As you may know, one key part of the NFL combine is the night when the players are herded into a big room at Lucas Oil Stadium in Indianapolis and all NFL teams get a crack at interviewing them for up to 15 minutes. Of course, that’s a pretty tight window, so teams have to get their questions in quickly and draw their conclusions almost as quickly. Usually teams hold interviews knowing that a kid can play, but they want to make sure there aren’t any off-the-field red flags they need to know about, so they focus on the usual questions about arrests, alcohol- and drug-related issues and the like.
Seattle has acquired a reputation for being very thorough not just in its scouting but in evaluating players that will go outside the top 100 players, and obviously, it’s paid great dividends. With that in mind, the Seahawks took an all-hands-on-deck approach to interviewing players, with head coach Pete Carroll himself getting out and speaking to selected players. One of them was Rob Blanchflower, a tight end from Massachusetts who despite a great career at UMass had missed the Senior Bowl with a leg injury. This created a bit more mystery surrounding the pass-catcher as teams weren’t able to do the normal level of due diligence. Within that context, Carroll stopped by for a quick chat.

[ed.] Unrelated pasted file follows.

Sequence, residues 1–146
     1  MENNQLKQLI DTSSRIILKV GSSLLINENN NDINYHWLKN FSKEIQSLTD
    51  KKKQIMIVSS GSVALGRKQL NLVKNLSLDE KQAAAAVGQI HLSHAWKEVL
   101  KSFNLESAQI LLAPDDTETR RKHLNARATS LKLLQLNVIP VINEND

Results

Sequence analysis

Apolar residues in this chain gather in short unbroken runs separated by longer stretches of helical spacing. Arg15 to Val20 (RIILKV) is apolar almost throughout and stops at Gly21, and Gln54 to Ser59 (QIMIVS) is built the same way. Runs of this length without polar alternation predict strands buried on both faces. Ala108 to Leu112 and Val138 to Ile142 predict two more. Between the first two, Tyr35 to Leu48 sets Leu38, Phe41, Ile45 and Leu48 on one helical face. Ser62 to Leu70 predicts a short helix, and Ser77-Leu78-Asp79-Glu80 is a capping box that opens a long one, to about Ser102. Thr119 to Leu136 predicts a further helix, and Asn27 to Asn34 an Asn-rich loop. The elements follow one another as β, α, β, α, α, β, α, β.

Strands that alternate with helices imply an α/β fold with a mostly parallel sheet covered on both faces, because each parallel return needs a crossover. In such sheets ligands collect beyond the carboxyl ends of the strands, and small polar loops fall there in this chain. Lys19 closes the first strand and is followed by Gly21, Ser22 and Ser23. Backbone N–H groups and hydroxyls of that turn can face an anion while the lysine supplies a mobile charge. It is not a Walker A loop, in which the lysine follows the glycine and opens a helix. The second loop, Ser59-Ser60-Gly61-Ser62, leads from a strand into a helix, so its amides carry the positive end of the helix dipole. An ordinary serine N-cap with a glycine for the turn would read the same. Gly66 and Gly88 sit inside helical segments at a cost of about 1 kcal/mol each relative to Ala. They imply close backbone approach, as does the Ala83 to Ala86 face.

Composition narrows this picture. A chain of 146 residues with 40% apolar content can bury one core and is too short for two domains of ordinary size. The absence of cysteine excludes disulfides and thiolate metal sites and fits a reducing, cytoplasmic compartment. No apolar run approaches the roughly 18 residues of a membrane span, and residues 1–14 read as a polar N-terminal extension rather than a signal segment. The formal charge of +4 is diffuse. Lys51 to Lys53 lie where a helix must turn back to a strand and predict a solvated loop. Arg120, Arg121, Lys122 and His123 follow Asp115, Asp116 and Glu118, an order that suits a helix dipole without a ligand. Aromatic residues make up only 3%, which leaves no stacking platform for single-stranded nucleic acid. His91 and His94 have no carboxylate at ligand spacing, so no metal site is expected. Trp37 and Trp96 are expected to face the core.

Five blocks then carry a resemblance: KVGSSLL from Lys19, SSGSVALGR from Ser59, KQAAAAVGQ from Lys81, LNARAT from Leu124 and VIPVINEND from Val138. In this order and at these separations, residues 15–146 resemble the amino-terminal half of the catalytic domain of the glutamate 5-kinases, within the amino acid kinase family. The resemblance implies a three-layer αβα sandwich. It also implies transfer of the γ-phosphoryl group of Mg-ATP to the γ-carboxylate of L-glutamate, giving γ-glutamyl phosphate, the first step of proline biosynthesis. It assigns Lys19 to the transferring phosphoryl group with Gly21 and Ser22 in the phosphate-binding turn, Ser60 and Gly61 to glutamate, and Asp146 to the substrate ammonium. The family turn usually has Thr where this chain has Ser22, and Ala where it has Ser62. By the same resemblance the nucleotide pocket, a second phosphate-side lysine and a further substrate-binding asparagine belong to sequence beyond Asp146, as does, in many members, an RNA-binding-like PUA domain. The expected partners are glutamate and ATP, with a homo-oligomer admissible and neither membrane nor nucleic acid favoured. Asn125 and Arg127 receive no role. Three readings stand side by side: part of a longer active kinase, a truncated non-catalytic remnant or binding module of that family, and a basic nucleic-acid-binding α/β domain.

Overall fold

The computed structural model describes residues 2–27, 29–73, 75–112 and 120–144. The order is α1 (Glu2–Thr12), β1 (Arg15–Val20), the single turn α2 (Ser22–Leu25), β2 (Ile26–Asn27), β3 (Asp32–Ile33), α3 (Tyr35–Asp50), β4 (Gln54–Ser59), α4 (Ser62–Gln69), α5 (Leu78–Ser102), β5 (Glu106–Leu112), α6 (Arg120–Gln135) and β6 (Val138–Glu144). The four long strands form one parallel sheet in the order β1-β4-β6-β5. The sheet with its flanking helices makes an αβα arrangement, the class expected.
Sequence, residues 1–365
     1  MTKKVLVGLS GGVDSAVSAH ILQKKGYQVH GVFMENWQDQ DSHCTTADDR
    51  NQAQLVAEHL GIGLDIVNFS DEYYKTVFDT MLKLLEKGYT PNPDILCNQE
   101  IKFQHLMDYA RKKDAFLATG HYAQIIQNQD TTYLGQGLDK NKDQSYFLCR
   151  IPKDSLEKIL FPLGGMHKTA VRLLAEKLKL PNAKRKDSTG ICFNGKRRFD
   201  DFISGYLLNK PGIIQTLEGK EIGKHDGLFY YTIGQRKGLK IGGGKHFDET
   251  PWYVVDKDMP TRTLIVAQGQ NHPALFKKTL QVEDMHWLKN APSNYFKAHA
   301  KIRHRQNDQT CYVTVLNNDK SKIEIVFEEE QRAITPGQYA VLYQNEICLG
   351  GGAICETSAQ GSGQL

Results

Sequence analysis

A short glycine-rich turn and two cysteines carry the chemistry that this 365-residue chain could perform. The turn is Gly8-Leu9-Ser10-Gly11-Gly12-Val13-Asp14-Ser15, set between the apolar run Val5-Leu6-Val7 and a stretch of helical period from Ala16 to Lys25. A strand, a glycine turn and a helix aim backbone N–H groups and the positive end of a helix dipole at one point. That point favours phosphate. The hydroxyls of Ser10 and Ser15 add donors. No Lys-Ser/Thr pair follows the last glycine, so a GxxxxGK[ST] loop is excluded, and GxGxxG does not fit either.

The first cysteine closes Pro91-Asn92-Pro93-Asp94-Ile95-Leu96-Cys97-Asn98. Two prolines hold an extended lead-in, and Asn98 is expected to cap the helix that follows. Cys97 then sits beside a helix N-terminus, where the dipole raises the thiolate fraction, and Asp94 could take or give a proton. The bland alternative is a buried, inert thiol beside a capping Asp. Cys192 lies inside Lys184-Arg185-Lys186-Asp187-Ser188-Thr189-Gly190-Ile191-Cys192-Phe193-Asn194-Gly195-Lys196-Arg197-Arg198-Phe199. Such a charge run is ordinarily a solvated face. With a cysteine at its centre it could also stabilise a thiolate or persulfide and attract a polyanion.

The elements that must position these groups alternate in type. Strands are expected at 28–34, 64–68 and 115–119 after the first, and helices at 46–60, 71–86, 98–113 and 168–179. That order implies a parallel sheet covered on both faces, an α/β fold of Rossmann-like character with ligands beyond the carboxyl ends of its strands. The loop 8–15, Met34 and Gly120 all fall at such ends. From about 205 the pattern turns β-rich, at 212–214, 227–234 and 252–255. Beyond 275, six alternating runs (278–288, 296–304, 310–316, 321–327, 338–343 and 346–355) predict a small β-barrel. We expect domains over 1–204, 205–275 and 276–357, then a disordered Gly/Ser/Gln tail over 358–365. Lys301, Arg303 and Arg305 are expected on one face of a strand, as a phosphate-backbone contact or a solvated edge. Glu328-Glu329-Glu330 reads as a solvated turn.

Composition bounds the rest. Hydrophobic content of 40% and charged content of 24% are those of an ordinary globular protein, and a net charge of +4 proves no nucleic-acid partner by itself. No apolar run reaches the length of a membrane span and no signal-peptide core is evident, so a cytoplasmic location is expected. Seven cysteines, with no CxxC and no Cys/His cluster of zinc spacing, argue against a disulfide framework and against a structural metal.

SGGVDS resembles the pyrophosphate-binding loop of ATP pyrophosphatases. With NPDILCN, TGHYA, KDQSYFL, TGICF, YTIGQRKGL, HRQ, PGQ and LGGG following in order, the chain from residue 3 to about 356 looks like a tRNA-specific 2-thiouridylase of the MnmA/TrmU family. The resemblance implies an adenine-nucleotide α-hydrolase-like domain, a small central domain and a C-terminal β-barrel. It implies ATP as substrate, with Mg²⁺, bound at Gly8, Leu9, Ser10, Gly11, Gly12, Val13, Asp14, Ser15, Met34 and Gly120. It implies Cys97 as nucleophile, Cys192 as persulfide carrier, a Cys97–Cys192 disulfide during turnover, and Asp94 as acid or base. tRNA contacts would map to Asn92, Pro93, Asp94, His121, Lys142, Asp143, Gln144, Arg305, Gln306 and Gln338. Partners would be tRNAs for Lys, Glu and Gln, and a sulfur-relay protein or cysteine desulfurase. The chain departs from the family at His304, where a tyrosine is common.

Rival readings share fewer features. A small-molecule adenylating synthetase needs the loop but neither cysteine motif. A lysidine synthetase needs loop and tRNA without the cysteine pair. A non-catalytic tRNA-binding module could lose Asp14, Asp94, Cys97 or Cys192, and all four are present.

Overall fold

“Rob, nice to meet you and talk to you,” Carroll said. “You seem like a really good guy. Tell me a little about yourself. Have you ever been in trouble? Done any drugs?”
“I drink a little,” Blanchflower replied.
Eager to make sure “a little” didn’t mean two cases and a bottle of scotch per day, Carroll followed up with another question. “What’s that mean?,” he asked.
“I drink when we celebrate,” the tight end said.
Starting to get a bit concerned, and probably thinking he might have tripped up on an area of concern, Carroll asked for clarification.
“What does that mean?” he asked again.
At that point, the Minuteman sensed a brewing storm he needed to head off, and he knew exactly how to do it.
“Coach, we were 1-11 last season,” Blanch said.
Carroll had no more concerns.